Responses of the anaerobic bacterial community to addition of organic C in chromium(VI)- and iron(III)-amended microcosms

Peter S. Kourtev, Cindy H. Nakatsu, Allan Konopka

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Chromium (VI) is toxic to microorganisms and can inhibit the biodegradation of organic pollutants in contaminated soils. We used microcosms amended with either glucose or protein (to drive bacterial community change) and Fe(III) (to stimulate iron-reducing bacteria) to study the effect of various concentrations of Cr(VI) on anaerobic bacterial communities. Microcosms were destructively sampled based on microbial activity (measured as evolution of CO2) and analyzed for the following: (i) dominant bacterial community by PCR-denaturing gradient gel electrophoresis (DGGE) of the 16S rRNA gene; (ii) culturable Cr-resistant bacteria; and (iii) enrichment of iron-reducing bacteria of the Geobacteraceae family by real-time PCR. The addition of organic C stimulated the activities of anaerobic communities. Cr(VI) amendment resulted in lower rates of CO2 production in glucose microcosms and a slow mineralization phase in protein-amended microcosms. Glucose and protein amendments selected for different bacterial communities. This selection was modified by the addition of Cr(VI), since some DGGE bands were intensified and new bands appeared in Cr(VI)-amended microcosms. A second dose of Cr(VI), added after the onset of activity, had a strong inhibitory effect when higher levels of Cr were added, indicating that the developing Cr-resistant communities had a relatively low tolerance threshold. Most of the isolated Cr-resistant bacteria were closely related to previously studied Cr-resistant anaerobes, such as Pantoea, Pseudomonas, and Enterobacter species. Geobacteraceae were not enriched during the incubation. The studied Cr(VI)-contaminated soil contained a viable anaerobic bacterial community; however, Cr(VI) altered its composition, which could affect the soil biodegradation potential.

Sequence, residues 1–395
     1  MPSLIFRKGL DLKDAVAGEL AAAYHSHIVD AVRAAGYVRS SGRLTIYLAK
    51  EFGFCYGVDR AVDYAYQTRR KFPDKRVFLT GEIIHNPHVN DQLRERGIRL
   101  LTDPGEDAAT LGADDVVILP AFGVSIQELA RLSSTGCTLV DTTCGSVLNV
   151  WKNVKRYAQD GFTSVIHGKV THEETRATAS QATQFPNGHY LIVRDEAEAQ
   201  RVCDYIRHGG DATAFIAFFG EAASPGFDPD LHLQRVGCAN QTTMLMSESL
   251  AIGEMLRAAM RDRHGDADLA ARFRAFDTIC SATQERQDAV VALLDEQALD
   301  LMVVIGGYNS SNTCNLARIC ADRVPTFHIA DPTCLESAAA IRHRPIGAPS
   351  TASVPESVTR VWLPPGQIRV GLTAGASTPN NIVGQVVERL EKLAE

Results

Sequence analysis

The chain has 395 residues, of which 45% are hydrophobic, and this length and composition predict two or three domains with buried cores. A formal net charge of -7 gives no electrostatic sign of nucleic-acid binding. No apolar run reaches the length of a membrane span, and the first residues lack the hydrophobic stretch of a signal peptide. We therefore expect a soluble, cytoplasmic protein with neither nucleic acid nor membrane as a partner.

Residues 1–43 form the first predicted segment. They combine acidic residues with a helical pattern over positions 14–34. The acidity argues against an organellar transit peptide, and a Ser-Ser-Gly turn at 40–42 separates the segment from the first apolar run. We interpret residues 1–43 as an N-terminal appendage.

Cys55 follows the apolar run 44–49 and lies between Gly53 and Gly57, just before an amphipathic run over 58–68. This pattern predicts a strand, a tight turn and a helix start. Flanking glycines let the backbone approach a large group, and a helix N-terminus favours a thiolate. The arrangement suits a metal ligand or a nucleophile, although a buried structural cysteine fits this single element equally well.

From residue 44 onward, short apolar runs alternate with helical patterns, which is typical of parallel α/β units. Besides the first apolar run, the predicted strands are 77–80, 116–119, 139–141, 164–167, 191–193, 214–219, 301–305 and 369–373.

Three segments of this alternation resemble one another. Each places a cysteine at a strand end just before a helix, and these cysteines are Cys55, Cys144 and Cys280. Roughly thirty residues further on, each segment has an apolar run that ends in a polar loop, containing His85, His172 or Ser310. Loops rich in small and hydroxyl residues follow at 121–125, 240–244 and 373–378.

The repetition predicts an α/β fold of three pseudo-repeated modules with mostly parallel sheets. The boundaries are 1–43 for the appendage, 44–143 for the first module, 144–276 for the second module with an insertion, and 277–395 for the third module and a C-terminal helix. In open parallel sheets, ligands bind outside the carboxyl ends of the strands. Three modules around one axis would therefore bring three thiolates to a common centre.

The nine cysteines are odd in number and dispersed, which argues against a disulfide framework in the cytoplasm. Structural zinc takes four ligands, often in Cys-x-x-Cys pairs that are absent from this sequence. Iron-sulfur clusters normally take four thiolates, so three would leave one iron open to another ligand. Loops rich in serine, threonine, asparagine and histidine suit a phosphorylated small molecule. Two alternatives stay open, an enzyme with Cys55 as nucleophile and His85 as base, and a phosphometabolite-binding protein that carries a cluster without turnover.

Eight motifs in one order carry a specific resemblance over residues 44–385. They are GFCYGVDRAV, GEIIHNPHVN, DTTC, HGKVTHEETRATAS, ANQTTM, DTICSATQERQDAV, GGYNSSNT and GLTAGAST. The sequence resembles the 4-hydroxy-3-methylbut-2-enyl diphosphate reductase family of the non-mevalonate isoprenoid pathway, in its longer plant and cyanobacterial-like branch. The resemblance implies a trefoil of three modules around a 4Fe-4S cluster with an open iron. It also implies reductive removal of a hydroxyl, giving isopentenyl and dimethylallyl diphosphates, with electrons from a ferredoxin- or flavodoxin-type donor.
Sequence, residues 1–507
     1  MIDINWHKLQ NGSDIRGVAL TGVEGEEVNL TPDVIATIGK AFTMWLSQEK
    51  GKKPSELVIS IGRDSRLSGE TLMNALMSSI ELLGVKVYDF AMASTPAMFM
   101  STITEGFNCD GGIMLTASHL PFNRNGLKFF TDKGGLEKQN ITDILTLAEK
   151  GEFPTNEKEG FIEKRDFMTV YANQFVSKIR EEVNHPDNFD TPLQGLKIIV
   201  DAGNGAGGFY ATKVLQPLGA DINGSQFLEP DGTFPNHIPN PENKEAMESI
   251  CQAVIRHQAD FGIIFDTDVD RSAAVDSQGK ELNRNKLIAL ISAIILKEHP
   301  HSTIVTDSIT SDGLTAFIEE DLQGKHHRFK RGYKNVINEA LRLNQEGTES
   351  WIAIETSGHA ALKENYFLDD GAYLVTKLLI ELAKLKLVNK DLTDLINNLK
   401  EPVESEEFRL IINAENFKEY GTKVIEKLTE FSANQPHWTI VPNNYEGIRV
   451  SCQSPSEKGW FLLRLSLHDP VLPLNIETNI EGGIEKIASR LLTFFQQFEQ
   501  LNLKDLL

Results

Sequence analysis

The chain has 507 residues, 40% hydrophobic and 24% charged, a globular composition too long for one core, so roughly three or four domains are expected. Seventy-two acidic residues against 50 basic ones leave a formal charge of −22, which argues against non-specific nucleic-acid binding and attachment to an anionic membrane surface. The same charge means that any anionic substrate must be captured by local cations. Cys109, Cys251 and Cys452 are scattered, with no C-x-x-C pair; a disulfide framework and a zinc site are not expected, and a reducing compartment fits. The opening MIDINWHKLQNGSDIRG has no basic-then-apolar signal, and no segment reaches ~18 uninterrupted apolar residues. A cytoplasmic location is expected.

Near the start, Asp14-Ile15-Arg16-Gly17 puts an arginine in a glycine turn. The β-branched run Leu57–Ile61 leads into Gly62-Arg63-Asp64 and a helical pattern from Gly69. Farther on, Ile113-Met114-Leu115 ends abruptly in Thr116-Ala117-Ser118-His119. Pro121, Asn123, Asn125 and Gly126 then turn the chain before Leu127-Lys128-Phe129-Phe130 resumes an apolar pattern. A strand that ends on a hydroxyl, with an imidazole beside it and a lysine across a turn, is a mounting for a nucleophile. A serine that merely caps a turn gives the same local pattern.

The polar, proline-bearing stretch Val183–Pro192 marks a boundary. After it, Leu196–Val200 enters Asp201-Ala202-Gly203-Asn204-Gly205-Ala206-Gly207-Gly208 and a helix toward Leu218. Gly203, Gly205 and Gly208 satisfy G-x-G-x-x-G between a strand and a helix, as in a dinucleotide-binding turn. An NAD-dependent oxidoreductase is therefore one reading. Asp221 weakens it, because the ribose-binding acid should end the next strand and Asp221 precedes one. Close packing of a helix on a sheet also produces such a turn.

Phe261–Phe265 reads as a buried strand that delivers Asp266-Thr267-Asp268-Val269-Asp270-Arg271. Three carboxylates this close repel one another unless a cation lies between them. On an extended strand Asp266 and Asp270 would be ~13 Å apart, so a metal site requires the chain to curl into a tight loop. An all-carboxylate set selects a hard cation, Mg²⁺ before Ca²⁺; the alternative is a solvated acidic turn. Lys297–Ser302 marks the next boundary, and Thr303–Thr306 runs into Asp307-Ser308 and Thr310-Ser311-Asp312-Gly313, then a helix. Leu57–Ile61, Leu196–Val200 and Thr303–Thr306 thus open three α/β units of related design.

Original languageEnglish
Pages (from-to)628-637
Number of pages10
JournalApplied and Environmental Microbiology
Issue number1
StatePublished - Jan 2006


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